But the old top-down ways persist. The dominant society adapts and remains fundamentally the same. To implement deep, lasting change, we need to understand what we’re up against and how we as individuals buttress the system.
Selfishness, cutthroat competition, materialism, and hyper-individualism overwhelm deeper instincts toward compassion, cooperation, generosity, and community. Human beings become cogs in the machine, thereby reducing one another to instruments.
We buy consumer products that are made under oppressive conditions, vote in elections, work in traditional businesses, decline to confront injustice, and reinforce cultural values.
To obtain favors from parents, teachers, and bosses, we learn to do what others want us to do. In certain situations, like at work, this submission makes sense. But these habits often carry over into other areas where honesty, transparency, spontaneity, and authenticity would be more effective.
We accept society’s self-centered focus and worry too much about what others think about us.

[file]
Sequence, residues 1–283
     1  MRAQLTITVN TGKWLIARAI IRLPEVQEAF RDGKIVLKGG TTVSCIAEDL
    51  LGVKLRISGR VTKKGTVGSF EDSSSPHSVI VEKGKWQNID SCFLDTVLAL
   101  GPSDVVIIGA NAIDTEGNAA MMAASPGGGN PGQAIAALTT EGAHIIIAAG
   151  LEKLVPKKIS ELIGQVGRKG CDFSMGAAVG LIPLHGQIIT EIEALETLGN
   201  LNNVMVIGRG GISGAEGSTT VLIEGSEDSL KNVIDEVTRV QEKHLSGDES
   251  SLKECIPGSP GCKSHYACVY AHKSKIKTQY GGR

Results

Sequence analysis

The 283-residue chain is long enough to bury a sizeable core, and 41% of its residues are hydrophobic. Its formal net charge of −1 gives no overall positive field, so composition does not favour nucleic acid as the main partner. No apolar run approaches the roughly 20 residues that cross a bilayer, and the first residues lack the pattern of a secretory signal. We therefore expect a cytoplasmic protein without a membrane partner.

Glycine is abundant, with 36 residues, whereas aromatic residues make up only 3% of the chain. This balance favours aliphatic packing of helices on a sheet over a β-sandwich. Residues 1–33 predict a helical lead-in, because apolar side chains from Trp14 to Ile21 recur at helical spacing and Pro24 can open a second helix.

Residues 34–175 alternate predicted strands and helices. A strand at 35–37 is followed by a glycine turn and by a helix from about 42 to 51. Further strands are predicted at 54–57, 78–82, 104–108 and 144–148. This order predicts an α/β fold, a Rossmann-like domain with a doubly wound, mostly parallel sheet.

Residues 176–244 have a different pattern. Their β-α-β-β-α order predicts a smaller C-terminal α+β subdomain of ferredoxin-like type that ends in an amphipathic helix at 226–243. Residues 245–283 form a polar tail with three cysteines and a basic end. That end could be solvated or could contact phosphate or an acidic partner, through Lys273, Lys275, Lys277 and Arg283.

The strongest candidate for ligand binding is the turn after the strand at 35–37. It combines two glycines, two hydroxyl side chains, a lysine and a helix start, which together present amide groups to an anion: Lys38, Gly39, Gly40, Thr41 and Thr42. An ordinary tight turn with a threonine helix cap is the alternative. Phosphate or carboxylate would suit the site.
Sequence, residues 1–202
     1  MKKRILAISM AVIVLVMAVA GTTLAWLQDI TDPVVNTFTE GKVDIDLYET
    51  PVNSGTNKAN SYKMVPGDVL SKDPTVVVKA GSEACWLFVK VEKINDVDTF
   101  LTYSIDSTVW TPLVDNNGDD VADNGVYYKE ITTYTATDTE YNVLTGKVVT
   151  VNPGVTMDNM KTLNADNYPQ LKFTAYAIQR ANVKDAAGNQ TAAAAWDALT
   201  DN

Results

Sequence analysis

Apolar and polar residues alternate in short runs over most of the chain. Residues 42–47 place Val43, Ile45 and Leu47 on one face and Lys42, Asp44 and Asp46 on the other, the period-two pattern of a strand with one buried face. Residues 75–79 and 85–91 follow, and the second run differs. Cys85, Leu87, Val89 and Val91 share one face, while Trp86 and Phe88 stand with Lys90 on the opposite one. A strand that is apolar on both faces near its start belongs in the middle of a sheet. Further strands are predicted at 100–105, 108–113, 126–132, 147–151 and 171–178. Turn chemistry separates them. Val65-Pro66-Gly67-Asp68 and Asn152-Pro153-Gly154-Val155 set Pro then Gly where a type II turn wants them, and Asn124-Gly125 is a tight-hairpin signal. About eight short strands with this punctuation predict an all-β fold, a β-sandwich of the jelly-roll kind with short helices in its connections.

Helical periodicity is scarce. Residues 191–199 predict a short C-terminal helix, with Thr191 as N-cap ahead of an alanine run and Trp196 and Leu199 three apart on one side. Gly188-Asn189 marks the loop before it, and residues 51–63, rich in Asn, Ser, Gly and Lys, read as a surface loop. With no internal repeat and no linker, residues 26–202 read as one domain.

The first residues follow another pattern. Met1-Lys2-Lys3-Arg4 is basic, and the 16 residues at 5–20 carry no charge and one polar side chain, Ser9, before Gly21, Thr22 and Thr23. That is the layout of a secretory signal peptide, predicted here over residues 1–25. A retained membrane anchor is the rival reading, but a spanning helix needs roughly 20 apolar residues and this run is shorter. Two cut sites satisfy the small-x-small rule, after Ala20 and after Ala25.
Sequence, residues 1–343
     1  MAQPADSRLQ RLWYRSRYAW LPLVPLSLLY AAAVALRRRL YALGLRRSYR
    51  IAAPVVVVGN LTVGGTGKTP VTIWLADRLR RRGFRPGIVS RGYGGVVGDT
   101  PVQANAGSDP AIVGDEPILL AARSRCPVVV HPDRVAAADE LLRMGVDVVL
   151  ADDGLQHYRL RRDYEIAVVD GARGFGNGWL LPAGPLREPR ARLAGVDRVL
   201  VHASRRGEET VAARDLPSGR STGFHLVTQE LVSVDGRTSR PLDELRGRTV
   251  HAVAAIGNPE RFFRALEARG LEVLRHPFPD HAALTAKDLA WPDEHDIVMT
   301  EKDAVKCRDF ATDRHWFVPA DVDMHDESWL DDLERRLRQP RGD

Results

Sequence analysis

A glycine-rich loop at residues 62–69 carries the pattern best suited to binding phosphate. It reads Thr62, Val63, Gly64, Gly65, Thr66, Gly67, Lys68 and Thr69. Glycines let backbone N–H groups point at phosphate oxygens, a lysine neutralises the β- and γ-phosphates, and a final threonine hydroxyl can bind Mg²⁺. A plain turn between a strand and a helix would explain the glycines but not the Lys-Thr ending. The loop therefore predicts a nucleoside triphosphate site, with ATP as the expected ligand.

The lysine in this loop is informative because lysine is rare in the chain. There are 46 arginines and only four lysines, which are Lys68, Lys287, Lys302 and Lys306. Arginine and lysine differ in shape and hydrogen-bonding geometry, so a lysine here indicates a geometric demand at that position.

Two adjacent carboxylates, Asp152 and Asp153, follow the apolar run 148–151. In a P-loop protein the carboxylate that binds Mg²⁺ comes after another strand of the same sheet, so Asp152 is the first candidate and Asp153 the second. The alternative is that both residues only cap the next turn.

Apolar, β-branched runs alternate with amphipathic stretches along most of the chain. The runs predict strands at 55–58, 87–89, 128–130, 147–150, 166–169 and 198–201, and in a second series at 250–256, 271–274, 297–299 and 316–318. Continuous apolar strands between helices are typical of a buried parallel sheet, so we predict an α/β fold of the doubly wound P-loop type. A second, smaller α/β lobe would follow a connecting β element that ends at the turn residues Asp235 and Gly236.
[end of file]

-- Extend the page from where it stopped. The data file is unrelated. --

We rate people in terms of how attractive they are according to conventional standards and only mate with lovers who are more or less equally attractive.
We assume that some one person must always be in charge, domineer when we can, submit when we cannot, and engage in ongoing one-upmanship.
Political activists believe leadership is the ability to mobilize others to do what the leader wants them to do.
Families pass on society’s dominant values and train children to obey automatically.
Disabling professionals place themselves on a pedestal and teach clients to blindly accept their expertise, which fosters dependency and undermines self-esteem.
Schools rely on the one-way transmission of information and pressure students to compete by jumping through pre-defined hoops.
Doctors believe good health requires patients to do what the doctor tells them to do.